The lady at the rental car company told me that the car operated pretty much the same as any regular car, but did warn me that it might seem kind of freaky that the car didn’t make any noise when it was turned on and the engine was going.  That was a little freaky.  What was more freaky was that it wasn’t really true.  Yes, the car didn’t make the traditional engine rumbling noises.  However, it would periodically emit a sort of high-pitched squealing noise, reminiscent of a siren in the distance.  For the first couple of days, I nearly got whiplash spinning my neck around trying to spot the emergency vehicle every time I heard the noise.  When I finally figured out that the noise was coming from the car, I nearly got run over by a fire truck because I didn’t realize there actually WAS a siren in my vicinity.

Then there was the shuddering. Every now and again, the car would shake, rattle, and roll.  It was similar to the sensation I used to get when an older, tired car in need of a tune-up would cough and sputter and eventually die.  The hybrid didn’t conk out, but it certainly did a great imitation of a car getting ready to expire.  You know how they say “Weebles wobble but they don’t fall down?”  Well, hybrids wobble but they don’t stall out.  Comforting to know, but it would be way more comforting if they didn’t wobble to begin with!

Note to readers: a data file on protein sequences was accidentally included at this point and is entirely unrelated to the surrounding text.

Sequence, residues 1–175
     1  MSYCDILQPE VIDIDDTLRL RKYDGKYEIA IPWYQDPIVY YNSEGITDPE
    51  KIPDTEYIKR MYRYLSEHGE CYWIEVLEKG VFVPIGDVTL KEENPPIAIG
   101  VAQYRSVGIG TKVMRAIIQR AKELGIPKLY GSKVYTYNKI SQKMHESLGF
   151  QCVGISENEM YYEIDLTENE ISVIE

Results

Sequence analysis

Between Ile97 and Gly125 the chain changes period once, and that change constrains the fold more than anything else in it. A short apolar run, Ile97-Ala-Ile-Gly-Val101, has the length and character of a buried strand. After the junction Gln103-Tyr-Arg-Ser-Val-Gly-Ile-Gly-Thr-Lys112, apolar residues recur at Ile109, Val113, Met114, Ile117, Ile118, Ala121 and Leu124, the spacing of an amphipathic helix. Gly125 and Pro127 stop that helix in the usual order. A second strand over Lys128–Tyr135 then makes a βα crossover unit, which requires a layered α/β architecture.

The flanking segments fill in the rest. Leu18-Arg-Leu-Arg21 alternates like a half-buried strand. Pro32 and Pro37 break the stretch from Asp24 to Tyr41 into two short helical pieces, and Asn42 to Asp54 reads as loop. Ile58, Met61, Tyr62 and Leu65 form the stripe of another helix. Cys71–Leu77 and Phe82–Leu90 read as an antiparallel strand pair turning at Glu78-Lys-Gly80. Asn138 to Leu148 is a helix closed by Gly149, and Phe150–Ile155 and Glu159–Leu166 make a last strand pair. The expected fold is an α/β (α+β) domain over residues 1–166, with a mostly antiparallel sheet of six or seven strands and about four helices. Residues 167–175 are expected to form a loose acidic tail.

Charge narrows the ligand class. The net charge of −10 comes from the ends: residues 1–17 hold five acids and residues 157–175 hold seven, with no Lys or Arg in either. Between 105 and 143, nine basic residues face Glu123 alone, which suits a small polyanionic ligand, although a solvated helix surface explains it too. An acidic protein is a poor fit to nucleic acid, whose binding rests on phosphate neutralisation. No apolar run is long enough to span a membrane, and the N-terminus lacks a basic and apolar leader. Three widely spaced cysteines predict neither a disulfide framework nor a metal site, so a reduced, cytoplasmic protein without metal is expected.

There was also the acceleration rate… or lack thereof.  The hybrid’s get-up-and-go seemed to have got up and went… somewhere else.  Pushing down on the gas did not result in a commensurate sudden increase in power or speed.  I think the hybrid interpreted me pushing down on the gas pedal as more of a suggestion than an imperative.  This was especially noticeable as I braved lane changing on California freeways and climbed the summit over the mountain  pass we had to travail when we took a side trip to Nevada.  To be fair, I think I could detect a very slight increase in power when I pushed down on the gas.  It was more like the power oozed into the car rather than spurted into it, though.  It took some time for that ooze to solidify itself into something resembling strength.  When I pushed the accelerator, I think the engine may have worked harder, but not any smarter.